Obama Cannot be President Because Hawaii Not a State of the Union

page: 13
75
<< 10  11  12    14 >>

log in

join

posted on Jan, 23 2011 @ 12:01 AM
link   
reply to post by apodictic
 


Unfortunately the birther debate has been going on since WELL before he was sworn in as POTUS, so, basically you are saying you were fine with him when he was sworn in as POTUS, but because you don't like him NOW, NOW you are questioning whether or not he's a citizen?

I call BULL [SNIP]

It's because he's black, and that's the bottom line. That's why people made up this birther stuff, notice no one cared much when McCain's birth was questioned? No one did. It was an issue for like 2 days, and it was settled. But Obama, oh that is a different story.




posted on Jan, 23 2011 @ 12:07 AM
link   
Name a not stolen state... on second thought you don't have to. They were all resided in by somebody at sometime before the colonists arrived.



posted on Jan, 23 2011 @ 12:14 AM
link   

Originally posted by sdcigarpig
That is true, his father is a foreign born citizen, however, according to the constitution of the United States, only one of the parents, who is a citizen of the United States of America, is required for a child to be considered a citizen of the United States of America. This was further defined in the Title 8 of the US code.

The conditions you are describing are not in the Constitution, only in the Title of the US Code you mention, namely 8 USC 1401. The Constitution only talks about persons born or naturalized in the United States (14th Amendment).


Barak Obama is a citizen of the United States, it would not matter where he was born, or who his father is. The fact that his mother, at the time of his birth, was a Citizen of the United States of America, he is considered a citizen of the United States, no matter where he was born.

You are entirely correct that it doesn’t matter who his father was, but don’t forget we are not just talking about citizenship. There is a constitutional requirement to be a natural-born citizen in order to hold office. So the place of birth is crucial to that constitutional requirement. Or not... This is where we run into some constitutional uncertainty.

As you’ve described, 8 USC 1401 grants citizenship, at birth, to persons born abroad, as long as some conditions are met, like, for example, one of the parents be a US citizen and was physically present in the US for a continuous period of one year prior to the birth of the child [8 USC 1401(d)]. So far so good. But analyzing Supreme Court jurisprudence, it is not entirely clear if citizens born abroad could be, for the purposes of the Constitution, natural-born citizens like someone born in the United States.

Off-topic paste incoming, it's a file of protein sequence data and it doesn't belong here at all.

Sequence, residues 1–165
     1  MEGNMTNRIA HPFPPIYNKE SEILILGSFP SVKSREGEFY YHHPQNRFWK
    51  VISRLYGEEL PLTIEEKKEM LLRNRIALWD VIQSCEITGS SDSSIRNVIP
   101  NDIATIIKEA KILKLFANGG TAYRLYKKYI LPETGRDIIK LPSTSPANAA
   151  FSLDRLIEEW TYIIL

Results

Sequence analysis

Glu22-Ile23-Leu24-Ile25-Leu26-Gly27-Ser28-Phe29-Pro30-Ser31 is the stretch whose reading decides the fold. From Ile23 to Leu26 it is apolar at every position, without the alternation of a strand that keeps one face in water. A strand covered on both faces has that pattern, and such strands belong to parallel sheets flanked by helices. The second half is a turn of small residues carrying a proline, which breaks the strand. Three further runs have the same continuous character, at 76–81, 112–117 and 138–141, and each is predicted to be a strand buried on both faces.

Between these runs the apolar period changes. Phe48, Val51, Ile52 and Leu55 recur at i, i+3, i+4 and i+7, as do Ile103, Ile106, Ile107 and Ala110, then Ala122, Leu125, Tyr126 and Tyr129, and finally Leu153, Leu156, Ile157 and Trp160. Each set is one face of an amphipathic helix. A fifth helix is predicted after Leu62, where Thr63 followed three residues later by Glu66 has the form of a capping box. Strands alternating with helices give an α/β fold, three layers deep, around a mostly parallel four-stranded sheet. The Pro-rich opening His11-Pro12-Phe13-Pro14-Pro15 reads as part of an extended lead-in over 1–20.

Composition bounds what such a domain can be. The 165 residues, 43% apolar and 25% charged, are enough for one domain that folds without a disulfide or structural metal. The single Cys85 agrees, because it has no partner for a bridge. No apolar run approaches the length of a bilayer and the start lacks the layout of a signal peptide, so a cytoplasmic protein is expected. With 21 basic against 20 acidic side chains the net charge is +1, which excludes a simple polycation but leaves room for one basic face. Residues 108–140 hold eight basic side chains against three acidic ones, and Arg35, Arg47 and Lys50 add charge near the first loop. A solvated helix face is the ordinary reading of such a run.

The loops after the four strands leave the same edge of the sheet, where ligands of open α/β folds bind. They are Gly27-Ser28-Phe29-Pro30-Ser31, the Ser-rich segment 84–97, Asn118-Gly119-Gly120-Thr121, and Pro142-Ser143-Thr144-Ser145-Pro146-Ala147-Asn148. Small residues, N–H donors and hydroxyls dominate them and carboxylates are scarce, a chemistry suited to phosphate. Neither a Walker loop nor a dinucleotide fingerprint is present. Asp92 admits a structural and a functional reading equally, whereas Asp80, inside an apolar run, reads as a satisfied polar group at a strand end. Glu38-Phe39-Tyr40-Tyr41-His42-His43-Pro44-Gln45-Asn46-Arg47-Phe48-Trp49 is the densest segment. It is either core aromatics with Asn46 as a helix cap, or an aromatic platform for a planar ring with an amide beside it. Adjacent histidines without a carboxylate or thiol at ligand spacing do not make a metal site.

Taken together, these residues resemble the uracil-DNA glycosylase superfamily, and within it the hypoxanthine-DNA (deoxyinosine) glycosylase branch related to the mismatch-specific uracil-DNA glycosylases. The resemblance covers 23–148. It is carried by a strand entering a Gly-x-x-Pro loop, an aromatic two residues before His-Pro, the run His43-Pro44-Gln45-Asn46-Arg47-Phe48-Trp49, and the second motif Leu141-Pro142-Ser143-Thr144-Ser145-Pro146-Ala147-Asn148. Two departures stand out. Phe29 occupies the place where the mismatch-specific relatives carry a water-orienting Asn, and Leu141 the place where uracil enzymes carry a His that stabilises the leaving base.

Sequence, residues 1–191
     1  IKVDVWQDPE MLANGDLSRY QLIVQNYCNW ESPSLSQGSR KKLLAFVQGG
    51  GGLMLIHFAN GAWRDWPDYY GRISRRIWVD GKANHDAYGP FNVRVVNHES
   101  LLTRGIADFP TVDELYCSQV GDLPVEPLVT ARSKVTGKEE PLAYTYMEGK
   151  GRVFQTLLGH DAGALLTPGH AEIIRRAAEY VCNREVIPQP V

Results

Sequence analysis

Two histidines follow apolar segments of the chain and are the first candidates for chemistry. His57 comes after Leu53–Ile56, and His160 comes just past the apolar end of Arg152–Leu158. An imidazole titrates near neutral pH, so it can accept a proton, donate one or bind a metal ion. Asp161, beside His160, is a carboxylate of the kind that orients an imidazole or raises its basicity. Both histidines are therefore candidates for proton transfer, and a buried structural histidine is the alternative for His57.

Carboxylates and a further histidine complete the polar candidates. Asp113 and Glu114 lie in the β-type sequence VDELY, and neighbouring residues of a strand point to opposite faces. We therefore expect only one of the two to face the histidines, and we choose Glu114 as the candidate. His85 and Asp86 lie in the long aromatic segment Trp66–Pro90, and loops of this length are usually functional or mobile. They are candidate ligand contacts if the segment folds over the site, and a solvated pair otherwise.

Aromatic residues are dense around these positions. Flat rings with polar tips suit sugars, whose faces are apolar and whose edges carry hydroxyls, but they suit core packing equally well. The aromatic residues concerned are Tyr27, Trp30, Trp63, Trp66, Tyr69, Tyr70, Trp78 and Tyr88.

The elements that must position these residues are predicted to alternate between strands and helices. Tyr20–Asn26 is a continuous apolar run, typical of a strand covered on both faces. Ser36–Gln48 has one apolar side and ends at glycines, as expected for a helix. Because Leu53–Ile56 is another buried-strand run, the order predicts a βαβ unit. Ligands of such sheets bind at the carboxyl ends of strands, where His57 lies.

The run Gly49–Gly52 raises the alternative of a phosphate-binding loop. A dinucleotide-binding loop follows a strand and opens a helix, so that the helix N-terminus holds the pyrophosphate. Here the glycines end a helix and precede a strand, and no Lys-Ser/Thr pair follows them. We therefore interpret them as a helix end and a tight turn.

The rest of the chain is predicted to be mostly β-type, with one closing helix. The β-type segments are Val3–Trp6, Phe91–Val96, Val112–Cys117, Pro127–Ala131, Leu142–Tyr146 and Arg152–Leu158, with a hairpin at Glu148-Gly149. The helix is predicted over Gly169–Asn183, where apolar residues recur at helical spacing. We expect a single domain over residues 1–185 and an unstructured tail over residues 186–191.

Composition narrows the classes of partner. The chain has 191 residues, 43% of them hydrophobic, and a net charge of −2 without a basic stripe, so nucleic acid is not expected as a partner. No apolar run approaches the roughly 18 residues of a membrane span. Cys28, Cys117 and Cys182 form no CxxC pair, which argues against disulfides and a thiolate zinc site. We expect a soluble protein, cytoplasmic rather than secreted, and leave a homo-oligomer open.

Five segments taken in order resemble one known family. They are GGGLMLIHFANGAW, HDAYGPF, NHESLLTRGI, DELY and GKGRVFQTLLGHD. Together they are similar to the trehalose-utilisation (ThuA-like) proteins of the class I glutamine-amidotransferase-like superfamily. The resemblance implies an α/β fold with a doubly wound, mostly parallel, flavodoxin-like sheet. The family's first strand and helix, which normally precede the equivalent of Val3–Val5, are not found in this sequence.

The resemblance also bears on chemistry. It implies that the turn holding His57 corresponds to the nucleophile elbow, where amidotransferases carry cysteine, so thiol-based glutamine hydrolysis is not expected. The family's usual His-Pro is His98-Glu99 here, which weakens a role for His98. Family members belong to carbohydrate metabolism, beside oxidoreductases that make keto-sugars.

In the landmark case United States v. Wong Kim Ark (1898), the Supreme Court wrote—

The Fourteenth Amendment of the Constitution (...) contemplates two sources of citizenship, and two only: birth and naturalization. Citizenship by naturalization can only be acquired by naturalization under the authority and in the forms of law. But citizenship by birth is established by the mere fact of birth under the circumstances defined in the Constitution. Every person born in the United States, and subject to the jurisdiction thereof, becomes at once a citizen of the United States, and needs no naturalization. A person born out of the jurisdiction of the United States can only become a citizen by being naturalized, either by treaty, as in the case of the annexation of foreign territory, or by authority of Congress, exercised either by declaring certain classes of persons to be citizens, as in the enactments conferring citizenship upon foreign-born children of citizens, or by enabling foreigners individually to become citizens by proceedings in the judicial tribunals, as in the ordinary provisions of the naturalization acts.
Persons born outside the jurisdiction of the United States are, therefore, naturalized US citizens, even if their citizenship was acquired at birth. Their citizenship was acquired by “the authority and in the form of law,” by “authority of Congress,” through one of the subsections of federal statute 8 USC 1401.

In the same case, citing the opinion in Osborn v. Bank of the United States (1824), the Court noted—

"A naturalized citizen," said Chief Justice Marshall, "becomes a member of the society, possessing all the rights of a native citizen, and standing, in the view of the Constitution, on the footing of a native. The Constitution does not authorize Congress to enlarge or abridge those rights. The simple power of the National Legislature is to prescribe a uniform rule of naturalization, and the exercise of this power exhausts it so far as respects the individual. The Constitution then takes him up, and, among other rights, extends to him the capacity of suing in the courts of the United States, precisely under the same circumstances under which a native might sue."
By reading only that excerpt in Wong Kim Ark, and especially the first phrase, one could easily get the impression that a naturalized citizen could qualify as a natural-born citizen. Problem is that reading the opinion in Osborn, the phrase immediately after the excerpt quoted in Wong Kim Ark, which is not cited, Chief Justice Marshall added—

He [a naturalized citizen] is distinguishable in nothing from a native citizen except so far as the Constitution makes the distinction.